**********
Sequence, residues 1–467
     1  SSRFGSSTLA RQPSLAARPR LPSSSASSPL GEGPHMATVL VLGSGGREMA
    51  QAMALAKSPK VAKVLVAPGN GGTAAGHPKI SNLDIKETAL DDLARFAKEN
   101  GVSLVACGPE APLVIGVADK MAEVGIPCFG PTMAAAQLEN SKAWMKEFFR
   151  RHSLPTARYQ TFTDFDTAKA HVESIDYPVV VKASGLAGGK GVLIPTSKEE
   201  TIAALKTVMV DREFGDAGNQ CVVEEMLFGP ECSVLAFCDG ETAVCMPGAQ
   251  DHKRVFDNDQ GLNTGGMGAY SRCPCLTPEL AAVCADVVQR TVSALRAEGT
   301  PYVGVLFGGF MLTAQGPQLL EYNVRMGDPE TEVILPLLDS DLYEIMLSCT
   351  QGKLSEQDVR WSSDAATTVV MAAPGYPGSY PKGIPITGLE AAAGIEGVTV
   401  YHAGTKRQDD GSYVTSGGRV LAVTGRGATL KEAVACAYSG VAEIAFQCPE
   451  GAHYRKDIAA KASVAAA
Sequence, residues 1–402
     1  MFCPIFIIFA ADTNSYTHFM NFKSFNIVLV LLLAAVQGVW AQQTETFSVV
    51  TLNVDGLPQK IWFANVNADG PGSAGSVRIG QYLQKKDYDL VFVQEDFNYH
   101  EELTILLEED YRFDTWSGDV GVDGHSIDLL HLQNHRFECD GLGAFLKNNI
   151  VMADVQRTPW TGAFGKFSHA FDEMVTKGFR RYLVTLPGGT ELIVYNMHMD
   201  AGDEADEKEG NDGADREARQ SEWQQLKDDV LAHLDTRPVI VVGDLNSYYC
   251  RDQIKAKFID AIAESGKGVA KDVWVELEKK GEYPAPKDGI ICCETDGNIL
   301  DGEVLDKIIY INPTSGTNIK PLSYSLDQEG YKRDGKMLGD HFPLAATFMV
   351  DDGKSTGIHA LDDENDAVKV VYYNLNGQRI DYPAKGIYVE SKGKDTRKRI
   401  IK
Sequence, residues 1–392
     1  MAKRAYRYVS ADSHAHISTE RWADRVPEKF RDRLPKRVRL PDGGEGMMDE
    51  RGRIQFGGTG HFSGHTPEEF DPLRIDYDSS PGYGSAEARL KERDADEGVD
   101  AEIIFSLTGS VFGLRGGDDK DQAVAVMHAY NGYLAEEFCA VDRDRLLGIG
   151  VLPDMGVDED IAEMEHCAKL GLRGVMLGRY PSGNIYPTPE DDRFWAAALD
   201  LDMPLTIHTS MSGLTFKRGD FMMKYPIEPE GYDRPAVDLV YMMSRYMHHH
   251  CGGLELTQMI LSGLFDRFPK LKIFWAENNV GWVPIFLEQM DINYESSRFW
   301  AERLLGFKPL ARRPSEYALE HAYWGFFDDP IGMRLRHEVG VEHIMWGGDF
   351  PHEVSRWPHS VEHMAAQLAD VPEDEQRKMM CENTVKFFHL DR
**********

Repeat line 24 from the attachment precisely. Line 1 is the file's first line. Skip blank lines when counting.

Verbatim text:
    51  RGRIQFGGTG HFSGHTPEEF DPLRIDYDSS PGYGSAEARL KERDADEGVD